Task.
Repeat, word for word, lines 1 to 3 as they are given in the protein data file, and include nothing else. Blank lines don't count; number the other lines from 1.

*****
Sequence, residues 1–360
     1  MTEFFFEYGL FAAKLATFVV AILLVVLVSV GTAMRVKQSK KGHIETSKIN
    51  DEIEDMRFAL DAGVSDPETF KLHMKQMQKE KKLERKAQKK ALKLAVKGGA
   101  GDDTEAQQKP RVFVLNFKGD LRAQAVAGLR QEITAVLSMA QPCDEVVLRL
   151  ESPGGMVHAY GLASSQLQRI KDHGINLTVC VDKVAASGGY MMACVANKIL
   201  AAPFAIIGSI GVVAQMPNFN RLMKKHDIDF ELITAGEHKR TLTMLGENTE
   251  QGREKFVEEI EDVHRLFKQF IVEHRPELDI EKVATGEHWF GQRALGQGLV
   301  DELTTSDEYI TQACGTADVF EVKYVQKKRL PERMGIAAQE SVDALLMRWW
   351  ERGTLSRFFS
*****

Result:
Sequence, residues 1–360
     1  MTEFFFEYGL FAAKLATFVV AILLVVLVSV GTAMRVKQSK KGHIETSKIN
    51  DEIEDMRFAL DAGVSDPETF KLHMKQMQKE KKLERKAQKK ALKLAVKGGA